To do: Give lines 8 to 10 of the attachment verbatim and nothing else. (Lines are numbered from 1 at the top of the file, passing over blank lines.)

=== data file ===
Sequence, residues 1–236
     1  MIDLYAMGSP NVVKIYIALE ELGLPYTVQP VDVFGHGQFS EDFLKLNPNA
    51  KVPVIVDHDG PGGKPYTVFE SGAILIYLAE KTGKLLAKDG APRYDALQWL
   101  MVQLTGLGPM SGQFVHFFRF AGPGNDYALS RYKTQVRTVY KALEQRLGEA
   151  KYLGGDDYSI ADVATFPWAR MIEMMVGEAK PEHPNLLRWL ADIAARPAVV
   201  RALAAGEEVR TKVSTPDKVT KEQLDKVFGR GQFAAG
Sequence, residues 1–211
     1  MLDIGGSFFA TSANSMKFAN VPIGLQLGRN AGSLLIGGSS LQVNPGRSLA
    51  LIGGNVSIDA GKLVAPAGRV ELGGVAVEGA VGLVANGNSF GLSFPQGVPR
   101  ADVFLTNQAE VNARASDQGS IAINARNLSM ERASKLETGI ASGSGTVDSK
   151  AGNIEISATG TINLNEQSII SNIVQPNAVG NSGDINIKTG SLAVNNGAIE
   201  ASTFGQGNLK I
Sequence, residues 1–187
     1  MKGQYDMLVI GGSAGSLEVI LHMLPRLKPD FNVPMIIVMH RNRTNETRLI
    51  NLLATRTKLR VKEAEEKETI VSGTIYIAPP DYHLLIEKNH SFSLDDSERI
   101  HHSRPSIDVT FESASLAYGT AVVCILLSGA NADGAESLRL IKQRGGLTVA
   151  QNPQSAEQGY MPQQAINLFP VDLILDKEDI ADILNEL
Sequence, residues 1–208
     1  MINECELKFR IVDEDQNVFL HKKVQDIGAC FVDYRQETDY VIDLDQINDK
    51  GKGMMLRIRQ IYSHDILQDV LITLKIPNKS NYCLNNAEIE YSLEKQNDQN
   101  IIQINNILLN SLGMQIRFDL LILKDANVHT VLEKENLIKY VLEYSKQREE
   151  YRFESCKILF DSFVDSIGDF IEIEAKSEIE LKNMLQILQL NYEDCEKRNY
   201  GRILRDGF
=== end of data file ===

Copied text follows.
     1  MLDIGGSFFA TSANSMKFAN VPIGLQLGRN AGSLLIGGSS LQVNPGRSLA
    51  LIGGNVSIDA GKLVAPAGRV ELGGVAVEGA VGLVANGNSF GLSFPQGVPR
   101  ADVFLTNQAE VNARASDQGS IAINARNLSM ERASKLETGI ASGSGTVDSK